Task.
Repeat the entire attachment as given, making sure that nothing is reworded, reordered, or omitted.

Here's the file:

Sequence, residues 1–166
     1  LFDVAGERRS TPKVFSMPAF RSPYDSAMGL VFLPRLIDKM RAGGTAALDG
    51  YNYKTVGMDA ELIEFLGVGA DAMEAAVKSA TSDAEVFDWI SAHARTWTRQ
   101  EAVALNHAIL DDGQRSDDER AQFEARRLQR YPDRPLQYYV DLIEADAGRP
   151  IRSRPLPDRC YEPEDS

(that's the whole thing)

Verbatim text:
Sequence, residues 1–166
     1  LFDVAGERRS TPKVFSMPAF RSPYDSAMGL VFLPRLIDKM RAGGTAALDG
    51  YNYKTVGMDA ELIEFLGVGA DAMEAAVKSA TSDAEVFDWI SAHARTWTRQ
   101  EAVALNHAIL DDGQRSDDER AQFEARRLQR YPDRPLQYYV DLIEADAGRP
   151  IRSRPLPDRC YEPEDS